While few in number, Cartledge does highlight two modern democratic system where echoes of the Athenian concept of demokratia (demos meaning people and kratos meaning power) can be found.

In Switzerland, at the federal level, changes to the constitution can be proposed by citizens and can only be completed by referendum; and the Swiss populace votes regularly on issues at all levels of the political scale – from the building of a new street to the foreign policy of the country.

Meanwhile, following the 2008 financial crash in Iceland, referenda, assemblies, and a people’s parliament were formed as citizens of the country campaigned to make their voices and views heard by means of mass participation in the country’s new politics.

The notion of government by referendum is particularly apposite to the United Kingdom of 2016 as the battle lines are drawn, often with crude, crass and alarmist hyperbole from both the Leave and Remain camps, for the EU referendum on June 23.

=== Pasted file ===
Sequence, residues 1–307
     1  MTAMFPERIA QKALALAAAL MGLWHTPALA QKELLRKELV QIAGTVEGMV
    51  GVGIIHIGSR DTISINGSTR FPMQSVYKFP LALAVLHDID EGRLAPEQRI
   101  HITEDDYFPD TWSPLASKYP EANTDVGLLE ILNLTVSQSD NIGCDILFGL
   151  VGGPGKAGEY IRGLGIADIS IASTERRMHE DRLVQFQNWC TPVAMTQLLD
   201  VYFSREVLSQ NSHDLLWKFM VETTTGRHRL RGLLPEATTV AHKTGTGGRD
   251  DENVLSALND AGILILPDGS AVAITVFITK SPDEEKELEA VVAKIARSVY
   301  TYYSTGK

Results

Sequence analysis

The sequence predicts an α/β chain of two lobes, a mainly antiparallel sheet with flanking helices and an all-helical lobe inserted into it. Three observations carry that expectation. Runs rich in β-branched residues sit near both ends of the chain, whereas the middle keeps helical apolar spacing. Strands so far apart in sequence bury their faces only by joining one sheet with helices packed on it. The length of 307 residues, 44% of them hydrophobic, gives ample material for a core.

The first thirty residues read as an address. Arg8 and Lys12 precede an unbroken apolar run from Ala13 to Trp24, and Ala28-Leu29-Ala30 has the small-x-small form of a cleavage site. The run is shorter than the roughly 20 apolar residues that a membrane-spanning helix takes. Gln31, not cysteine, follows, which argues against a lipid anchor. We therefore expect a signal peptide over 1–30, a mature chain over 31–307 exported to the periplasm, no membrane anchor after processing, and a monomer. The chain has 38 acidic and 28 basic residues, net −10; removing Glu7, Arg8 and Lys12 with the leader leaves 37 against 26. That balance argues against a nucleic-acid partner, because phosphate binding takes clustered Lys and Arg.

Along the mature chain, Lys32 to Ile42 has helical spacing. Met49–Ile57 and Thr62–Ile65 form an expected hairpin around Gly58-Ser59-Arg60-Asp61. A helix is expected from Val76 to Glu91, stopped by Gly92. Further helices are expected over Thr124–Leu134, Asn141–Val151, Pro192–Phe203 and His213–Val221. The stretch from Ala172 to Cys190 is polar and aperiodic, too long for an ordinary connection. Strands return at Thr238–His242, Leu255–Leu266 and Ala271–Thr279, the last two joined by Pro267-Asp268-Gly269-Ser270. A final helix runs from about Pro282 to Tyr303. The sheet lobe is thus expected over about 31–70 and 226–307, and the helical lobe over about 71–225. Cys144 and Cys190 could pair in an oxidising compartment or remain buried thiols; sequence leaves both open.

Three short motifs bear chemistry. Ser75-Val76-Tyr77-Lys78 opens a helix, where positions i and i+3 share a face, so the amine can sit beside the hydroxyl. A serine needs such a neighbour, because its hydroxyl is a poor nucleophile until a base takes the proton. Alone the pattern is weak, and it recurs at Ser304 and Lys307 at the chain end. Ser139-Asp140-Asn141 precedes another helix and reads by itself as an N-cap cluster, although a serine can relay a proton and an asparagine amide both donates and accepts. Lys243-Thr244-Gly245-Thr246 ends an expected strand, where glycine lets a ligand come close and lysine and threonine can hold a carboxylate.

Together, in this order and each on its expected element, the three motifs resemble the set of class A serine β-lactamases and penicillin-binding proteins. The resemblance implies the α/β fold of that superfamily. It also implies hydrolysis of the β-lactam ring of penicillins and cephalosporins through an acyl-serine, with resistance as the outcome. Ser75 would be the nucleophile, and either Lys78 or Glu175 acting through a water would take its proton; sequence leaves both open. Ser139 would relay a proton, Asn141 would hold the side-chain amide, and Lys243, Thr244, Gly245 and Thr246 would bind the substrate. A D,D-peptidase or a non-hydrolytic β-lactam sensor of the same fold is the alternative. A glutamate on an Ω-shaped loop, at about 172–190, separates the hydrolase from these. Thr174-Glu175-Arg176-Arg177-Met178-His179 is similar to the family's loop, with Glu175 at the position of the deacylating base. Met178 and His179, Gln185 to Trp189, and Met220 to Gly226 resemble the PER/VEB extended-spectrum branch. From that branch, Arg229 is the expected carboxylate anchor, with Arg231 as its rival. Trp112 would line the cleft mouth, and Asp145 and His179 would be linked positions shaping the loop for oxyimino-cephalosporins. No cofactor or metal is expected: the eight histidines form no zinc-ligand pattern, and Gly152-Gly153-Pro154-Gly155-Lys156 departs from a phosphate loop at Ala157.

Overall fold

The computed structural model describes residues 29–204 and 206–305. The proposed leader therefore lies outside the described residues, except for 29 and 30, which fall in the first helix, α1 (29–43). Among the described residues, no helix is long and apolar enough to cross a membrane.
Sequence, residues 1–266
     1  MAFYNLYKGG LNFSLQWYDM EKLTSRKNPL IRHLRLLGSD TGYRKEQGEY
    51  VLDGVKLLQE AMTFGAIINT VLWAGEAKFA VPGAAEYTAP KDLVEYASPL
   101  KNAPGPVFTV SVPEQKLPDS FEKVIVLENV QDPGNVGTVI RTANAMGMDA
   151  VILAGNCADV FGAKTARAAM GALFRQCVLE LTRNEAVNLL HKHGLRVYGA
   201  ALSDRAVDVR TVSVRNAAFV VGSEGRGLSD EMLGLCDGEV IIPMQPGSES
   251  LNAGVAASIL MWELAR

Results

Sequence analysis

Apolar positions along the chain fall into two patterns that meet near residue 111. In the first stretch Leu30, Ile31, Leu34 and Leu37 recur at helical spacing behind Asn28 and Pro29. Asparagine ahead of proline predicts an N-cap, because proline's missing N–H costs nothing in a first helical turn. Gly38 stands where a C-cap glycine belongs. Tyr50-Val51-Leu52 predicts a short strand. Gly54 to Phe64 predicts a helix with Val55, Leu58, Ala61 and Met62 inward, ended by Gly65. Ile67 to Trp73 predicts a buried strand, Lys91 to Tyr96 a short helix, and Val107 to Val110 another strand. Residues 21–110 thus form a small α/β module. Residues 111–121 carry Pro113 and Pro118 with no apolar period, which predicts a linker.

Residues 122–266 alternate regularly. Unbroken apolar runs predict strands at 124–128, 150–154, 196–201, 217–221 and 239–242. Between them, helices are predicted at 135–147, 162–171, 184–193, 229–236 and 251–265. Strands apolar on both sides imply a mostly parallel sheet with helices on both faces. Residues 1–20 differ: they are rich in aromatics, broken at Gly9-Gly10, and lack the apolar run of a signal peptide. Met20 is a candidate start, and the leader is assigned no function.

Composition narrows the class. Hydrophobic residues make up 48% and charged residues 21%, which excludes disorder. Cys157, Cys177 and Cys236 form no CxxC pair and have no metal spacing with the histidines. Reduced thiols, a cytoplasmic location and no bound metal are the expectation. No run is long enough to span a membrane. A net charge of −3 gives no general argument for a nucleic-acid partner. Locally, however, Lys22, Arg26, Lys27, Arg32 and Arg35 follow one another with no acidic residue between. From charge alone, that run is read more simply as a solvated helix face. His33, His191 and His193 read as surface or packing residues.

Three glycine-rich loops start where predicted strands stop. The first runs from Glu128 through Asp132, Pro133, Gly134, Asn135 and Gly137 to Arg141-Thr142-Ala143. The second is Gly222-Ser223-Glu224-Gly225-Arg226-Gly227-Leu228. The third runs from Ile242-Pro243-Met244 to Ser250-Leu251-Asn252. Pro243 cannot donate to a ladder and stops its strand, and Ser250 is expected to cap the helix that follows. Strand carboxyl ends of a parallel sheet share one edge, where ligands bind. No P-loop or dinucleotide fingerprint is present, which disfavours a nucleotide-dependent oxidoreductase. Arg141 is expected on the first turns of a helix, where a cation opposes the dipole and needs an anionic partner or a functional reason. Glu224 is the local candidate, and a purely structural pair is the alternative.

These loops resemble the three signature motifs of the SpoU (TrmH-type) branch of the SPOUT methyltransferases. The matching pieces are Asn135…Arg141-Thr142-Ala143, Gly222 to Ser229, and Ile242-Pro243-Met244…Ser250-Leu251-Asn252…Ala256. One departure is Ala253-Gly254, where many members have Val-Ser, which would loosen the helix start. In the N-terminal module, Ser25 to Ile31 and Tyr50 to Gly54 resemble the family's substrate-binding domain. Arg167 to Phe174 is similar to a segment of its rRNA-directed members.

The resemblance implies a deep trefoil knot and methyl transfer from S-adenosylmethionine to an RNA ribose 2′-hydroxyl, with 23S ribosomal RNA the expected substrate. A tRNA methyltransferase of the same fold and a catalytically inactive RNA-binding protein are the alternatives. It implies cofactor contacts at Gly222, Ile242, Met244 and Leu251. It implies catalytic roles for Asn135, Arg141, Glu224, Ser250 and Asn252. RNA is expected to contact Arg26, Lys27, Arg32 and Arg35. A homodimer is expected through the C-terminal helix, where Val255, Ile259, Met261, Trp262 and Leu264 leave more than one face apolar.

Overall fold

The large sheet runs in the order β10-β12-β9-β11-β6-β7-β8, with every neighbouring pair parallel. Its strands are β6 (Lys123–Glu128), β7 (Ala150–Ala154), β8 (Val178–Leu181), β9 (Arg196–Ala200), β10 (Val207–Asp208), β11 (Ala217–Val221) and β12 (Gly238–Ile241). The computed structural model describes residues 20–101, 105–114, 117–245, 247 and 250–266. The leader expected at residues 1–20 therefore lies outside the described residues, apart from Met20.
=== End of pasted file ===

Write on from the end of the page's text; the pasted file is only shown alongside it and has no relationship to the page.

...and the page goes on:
“The EU referendum will give us an all too brief taste of what it was like in ancient Athens,” added Cartledge. “If it’s a majority of one, then that will be the decision. This system is so rarely used, and so risky, but it’s the nearest thing to trusting the people. It’s an extraordinary thing to trust people who are not experts – but this system existed and lasted for 200 years, and has flourished on and off since.

“Government by referendum suited the Ancient Athenians. Whether it’s a useful add-on to, or a flagrant contradiction of, our democracy – that’s a matter on which we the electorate should have been asked to give our decisive view. But our democracy, being as it is, merely representative – would look like a creeping, crypto-oligarchy to the ancient Greeks – and many today may be coming to a similar conclusion.”

Democracy: A Life is out now.